Document Type

Conference Paper

Rights

This item is available under a Creative Commons License for non-commercial use only

Disciplines

Business and Management., Sociology, Organisation Theory, History

Publication Details

Irish Academy of Management. Dublin City University, Ireland, September, 2008.

Abstract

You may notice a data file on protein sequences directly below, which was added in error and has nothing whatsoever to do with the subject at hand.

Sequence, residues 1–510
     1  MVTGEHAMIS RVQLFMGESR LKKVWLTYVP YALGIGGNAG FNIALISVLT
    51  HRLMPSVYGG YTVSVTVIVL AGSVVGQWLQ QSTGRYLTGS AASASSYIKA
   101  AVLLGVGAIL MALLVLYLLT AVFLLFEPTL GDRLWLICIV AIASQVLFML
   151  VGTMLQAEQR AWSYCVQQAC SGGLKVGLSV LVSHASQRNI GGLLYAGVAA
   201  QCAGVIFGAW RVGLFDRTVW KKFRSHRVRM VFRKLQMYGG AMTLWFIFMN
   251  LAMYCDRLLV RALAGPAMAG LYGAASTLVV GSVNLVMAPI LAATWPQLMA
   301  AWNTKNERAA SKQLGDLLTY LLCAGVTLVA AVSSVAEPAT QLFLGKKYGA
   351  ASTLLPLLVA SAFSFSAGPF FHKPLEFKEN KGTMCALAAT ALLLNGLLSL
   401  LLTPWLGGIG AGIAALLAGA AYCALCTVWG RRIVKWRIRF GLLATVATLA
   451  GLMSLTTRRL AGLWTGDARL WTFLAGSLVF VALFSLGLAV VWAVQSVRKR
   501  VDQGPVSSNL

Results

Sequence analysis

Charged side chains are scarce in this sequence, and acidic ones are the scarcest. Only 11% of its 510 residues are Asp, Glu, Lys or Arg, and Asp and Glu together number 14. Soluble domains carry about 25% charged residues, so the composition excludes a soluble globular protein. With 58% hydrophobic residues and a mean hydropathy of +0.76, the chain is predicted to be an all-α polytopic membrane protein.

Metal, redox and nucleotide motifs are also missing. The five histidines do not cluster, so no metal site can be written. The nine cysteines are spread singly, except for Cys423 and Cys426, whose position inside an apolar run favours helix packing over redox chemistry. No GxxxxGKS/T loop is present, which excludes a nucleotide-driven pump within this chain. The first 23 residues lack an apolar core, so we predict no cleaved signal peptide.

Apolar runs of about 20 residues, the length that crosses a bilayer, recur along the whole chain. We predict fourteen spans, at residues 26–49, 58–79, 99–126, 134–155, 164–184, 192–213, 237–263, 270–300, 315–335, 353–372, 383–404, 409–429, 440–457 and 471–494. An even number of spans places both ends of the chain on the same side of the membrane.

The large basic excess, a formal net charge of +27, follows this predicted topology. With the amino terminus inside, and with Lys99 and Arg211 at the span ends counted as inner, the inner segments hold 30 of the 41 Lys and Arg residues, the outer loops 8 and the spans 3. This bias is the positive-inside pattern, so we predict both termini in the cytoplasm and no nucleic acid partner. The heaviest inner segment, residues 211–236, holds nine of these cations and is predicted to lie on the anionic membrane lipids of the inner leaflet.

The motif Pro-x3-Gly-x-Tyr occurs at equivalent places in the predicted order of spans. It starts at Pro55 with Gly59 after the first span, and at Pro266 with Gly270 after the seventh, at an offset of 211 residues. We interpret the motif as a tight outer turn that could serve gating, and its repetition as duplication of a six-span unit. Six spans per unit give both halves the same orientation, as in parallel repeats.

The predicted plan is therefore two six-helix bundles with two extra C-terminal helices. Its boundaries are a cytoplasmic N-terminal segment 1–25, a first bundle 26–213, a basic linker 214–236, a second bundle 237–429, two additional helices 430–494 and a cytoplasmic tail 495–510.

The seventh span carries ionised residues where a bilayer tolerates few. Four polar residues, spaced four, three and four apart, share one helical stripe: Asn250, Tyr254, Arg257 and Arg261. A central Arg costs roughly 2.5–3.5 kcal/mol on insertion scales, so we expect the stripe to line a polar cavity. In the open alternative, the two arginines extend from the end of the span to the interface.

The organisational theory literature has identified the emergence and evolution of organisational forms as a critical issue to be addressed, yet new ways of looking at organisational form have yet to be addressed and there are concerns about the largely ahistorical and aprocessual character of much organisational theorising. Most “new” theories that have been put forward continue to view form as something already formed, as an essence, with the attention focused on what constitutes form. Further, extant organisational theories, from the original Weberian ideal type through all other theories, be they in appearance ahistorical (i.e., contingency) or historical (i.e., ecological) and everything else in between, have taken recourse to history-as-process in order to create their classifications. However, in arriving at their classificatory schemes they have hidden the process-as-such, the process of “getting there,” the messiness of “forming,” as if everything else, thereafter, can be tidily encased in one of their “boxes.” History-as-process is never accounted for and once the classificatory scheme is operational no other boxes are possible thereafter; reification in the guise of universalisation has happened and “process” has ended. Seen thusly, a number of questions arise: does history end once we have classified?; does forming continue to happen once we have classified?; what about a way to theorise forming?; how to understand forming over form? More broadly, “can we think any other way” (Calás & Smircich, 2003: 49), such that we do not become enmeshed in, and continue to reproduce, the problems we encounter when thinking in a modern way? These questions lead me to begin outlining the contours to an alternative way of thinking and knowing and so arrive at processual knowing that might escape the modernist thirst for classification.While path dependence, as conventionally conceived, presents an avenue for overcoming the lack of historical contingency in mainstream organisational theories, it does not maintain an opening for forming. Here is where actor-network theory comes in to not only argue that organisational forming is ongoing, but also show how it is made unrecognizable by our modes of theorising. Of particular interest to this framing is the re-articulation of path dependence as a constructivist endeavour, incorporating the concept into actor-network theory through its reconsideration as ‘irreversibilility’.

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